All in all, the Soloist installation was very easy. My total installation time was about two hours. In a prepared, exposed metal double-gang outlet with the wiring all done and pretty, though, the installation shouldn’t take more than fifteen minutes, thirty tops. All the extra work you’ll have to do depends on the condition of the AC lines and walls in your home.
My current system
- Classé Audio Model Thirty Stereo Line-Level Preamplifier
- Clearaudio Basic Stereo Phono-Stage Preamplifier
- Bryston 3B-ST Stereo Power Amplifier
- Oppo BDP-105 Stereo Digital Universal Disc Transport with Digital-to-analog processor and digital upsampler
- Linn Sondek LP12 Belt-Drive Turntable
- Grace G707 Radial Tracking Tonearm
- Sumiko Blue Point Special EVO-III Stereo High-Output Moving-Coil Cartridge
- Apple iMac Personal Computer with 1.25 TB external Firewire hard drive allocated for music files and spoken word
- PS Audio Soloist IC AC Power Conditioner & Cleaner
- PS Audio Juice Bar II Passive Power Strips
- Power Cords: TBD
- Nordost Blue Heaven Flatline Unbalanced Interconnects, Better Cables Silver Serpent II Balanced Interconnects, Mitch Cotter Triax Tonearm Cables
- Monster MCX-1S Speaker Cables (1 bi-wired pair)
- Bowers & Wilkins 804S Dynamic Loudspeakers (1 pair)
The first thing I noticed when I played a very well recorded Scott Hamilton cut I love is how much lower my noise floor is. Very impressive. I cranked each of my preamp inputs to max (without any sound, of course) and the [expletive deleted] hum I had heard on all outputs before the Soloist was pretty much gone. The sound is more open, as well. I am very impressed how much this little improvement has made.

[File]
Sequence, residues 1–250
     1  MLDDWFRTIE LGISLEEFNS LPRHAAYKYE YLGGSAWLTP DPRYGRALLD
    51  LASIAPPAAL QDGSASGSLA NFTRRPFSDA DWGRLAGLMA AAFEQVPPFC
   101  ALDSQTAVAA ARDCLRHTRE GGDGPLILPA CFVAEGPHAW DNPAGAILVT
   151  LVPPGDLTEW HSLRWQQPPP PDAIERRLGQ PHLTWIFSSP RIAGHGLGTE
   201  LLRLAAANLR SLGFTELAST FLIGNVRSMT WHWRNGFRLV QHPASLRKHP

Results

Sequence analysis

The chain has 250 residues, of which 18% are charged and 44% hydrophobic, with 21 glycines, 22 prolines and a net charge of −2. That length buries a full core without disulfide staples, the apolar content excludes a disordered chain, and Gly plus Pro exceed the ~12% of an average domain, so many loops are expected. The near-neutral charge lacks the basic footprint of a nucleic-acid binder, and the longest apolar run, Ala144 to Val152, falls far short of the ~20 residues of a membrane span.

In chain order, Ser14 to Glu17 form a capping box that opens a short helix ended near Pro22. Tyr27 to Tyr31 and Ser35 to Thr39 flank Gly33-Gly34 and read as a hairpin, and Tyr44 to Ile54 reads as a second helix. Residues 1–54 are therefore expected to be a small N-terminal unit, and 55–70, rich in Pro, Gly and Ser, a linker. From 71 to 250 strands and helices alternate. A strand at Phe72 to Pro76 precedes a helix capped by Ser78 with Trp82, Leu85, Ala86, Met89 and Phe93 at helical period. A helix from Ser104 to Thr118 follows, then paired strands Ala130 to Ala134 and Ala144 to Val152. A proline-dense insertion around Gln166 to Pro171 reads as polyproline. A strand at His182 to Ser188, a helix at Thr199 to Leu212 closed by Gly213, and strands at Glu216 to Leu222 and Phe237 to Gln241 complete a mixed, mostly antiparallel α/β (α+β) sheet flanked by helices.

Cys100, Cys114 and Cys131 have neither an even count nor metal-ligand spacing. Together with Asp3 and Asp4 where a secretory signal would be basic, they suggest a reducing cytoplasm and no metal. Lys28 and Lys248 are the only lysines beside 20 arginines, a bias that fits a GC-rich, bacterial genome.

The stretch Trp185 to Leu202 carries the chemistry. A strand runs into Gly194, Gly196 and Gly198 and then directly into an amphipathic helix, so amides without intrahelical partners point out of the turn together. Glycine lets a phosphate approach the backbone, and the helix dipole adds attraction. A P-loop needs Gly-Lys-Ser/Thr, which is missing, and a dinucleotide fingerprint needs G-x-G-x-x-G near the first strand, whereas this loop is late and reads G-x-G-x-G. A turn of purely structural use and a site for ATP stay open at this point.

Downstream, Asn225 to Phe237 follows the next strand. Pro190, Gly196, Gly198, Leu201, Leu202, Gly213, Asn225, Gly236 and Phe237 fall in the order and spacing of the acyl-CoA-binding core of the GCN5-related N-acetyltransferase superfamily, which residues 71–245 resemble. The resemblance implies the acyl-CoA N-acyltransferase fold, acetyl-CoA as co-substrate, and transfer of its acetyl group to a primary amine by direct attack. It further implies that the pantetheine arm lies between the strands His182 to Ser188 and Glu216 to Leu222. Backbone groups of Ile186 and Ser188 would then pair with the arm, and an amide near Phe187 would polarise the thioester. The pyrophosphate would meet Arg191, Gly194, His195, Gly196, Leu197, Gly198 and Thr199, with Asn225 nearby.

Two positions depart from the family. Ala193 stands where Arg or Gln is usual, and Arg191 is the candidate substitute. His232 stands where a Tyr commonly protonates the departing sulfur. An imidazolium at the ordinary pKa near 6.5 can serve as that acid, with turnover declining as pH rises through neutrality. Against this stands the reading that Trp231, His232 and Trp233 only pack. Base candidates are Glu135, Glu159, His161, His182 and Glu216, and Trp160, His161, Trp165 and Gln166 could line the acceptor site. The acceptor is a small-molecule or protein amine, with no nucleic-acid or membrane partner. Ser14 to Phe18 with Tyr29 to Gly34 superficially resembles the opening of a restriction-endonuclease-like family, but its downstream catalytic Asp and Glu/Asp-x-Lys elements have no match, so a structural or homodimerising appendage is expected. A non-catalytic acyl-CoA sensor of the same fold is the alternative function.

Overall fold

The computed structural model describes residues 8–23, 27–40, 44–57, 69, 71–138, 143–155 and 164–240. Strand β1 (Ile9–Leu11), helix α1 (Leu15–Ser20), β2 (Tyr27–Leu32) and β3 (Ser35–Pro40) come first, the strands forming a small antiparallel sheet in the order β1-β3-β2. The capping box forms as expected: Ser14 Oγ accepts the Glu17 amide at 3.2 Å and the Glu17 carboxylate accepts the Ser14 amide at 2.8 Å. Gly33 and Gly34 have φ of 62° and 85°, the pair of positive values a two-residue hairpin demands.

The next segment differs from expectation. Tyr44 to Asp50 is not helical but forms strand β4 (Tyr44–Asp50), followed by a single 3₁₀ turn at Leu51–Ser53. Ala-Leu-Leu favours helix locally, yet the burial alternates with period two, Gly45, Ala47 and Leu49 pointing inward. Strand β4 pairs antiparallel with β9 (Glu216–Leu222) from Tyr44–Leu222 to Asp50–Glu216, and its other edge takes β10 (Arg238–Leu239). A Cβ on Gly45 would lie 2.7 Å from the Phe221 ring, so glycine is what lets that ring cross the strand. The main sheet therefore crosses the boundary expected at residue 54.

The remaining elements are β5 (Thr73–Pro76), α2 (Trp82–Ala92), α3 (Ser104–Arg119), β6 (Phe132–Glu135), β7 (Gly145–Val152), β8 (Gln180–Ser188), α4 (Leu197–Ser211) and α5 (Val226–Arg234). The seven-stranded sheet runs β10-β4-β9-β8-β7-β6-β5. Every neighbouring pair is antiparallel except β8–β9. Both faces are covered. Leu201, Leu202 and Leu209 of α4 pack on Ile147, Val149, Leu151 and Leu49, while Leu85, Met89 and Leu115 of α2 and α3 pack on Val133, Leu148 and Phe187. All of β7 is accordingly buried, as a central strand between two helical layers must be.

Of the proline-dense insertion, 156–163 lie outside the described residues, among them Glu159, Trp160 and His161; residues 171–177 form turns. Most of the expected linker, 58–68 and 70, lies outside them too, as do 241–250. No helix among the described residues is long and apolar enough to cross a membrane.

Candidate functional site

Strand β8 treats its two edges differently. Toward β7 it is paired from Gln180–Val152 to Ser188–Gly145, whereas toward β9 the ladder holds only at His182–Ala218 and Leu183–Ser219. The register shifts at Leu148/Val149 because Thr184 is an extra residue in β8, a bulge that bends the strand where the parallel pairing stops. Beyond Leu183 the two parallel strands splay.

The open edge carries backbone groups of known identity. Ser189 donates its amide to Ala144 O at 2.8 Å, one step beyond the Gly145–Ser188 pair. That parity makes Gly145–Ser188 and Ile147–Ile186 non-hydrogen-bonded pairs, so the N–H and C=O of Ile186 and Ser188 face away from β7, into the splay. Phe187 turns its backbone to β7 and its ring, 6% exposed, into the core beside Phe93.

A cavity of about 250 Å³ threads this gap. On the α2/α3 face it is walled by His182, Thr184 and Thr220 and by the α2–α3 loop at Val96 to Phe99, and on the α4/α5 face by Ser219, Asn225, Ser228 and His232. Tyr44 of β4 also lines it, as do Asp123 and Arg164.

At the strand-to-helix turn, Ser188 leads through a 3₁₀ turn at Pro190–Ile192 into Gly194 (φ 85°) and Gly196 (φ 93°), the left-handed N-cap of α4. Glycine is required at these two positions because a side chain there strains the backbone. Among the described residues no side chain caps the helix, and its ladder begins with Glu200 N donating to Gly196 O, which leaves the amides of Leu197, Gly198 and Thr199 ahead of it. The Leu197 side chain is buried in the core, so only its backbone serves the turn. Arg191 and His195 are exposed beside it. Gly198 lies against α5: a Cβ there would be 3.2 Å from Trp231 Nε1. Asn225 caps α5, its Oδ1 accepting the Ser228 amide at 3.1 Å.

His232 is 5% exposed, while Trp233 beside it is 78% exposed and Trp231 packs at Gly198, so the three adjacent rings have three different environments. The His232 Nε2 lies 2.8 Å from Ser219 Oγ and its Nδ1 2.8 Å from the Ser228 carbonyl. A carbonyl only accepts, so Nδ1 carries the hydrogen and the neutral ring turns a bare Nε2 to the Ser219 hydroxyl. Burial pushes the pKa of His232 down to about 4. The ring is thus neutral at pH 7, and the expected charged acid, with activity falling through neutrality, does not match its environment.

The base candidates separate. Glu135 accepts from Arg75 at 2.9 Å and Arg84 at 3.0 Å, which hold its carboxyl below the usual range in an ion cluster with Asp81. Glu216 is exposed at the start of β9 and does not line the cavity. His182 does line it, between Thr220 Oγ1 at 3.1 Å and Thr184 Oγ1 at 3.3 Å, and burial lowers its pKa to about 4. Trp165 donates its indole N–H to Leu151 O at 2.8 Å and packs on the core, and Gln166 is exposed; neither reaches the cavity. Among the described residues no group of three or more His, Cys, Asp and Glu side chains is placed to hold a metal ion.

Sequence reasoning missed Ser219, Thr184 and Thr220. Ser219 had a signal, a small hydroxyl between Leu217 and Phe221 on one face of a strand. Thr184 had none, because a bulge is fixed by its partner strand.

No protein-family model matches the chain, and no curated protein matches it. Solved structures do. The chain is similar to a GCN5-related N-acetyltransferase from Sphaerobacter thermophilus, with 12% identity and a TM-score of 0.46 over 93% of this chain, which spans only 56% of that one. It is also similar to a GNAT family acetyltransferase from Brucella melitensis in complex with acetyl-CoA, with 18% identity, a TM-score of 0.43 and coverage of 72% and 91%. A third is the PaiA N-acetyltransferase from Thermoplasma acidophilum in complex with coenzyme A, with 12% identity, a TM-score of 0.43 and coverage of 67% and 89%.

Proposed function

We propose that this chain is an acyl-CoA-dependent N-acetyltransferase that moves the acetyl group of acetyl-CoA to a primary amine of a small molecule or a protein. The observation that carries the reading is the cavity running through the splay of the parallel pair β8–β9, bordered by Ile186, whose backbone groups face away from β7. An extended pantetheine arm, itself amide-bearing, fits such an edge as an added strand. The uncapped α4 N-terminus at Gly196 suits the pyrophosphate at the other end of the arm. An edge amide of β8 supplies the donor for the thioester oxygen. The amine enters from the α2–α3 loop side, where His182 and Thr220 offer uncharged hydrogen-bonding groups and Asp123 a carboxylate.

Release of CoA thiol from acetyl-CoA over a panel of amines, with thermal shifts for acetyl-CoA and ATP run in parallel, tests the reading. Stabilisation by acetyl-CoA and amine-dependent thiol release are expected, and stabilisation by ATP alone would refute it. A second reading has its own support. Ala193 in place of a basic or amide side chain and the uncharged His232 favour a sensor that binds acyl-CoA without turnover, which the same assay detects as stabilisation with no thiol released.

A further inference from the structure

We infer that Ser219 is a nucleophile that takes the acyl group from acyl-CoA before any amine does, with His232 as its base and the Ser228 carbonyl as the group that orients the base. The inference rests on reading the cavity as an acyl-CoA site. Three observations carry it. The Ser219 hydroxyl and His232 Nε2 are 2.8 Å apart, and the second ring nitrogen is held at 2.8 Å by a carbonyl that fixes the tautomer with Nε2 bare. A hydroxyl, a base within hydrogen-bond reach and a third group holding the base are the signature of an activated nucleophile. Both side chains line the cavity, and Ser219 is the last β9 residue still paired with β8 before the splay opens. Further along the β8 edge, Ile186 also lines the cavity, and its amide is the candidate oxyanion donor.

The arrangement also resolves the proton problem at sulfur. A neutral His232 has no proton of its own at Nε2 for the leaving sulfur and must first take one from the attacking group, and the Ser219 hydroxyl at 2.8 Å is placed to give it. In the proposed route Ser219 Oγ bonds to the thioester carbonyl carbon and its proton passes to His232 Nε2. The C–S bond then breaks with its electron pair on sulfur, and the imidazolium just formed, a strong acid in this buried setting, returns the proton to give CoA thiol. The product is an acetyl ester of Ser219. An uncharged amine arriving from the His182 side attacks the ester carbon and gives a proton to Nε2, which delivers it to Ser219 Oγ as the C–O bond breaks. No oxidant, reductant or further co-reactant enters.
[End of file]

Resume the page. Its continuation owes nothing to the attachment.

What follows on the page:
My Linn Sondek, unfortunately, still has a ground loop somewhere that hums when I touch the tonearm. However, that said, the table’s output is much, much quieter than before. The only change has been the Soloist. I listened to uncompressed digital Apple Lossless files from my Mac, two LPs, one CD, and one SACD I am very familiar with, one jazz, one rock, and two classical.
- Frank Sinatra – Come Fly With Me – EMI LP 180g remastering
- Shostakovich Symphony No.8 – Previn/LSO – HMV LP ASD-2917
- Beethoven Symphony No.5; Symphony No.7 – Kleiber/VPO – DGG CD 447-400.2
- Peter Gabriel – So – SACD
The improvement I heard on all of the recordings was not paradigm-shifting but it wasn’t subtle either. The reduced noise floor and total lack of hum greatly improved the sound of the system. The biggest improvements have been the output from my Mac and the turntable. I can’t overstate that the Linn output was very, very noisy before the Soloist. No more. Only the ground loop remains to be dealt with.
I have more listening to do, but I can heartily and unreservedly recommend this very inexpensive upgrade for anybody who may have less than the best AC power.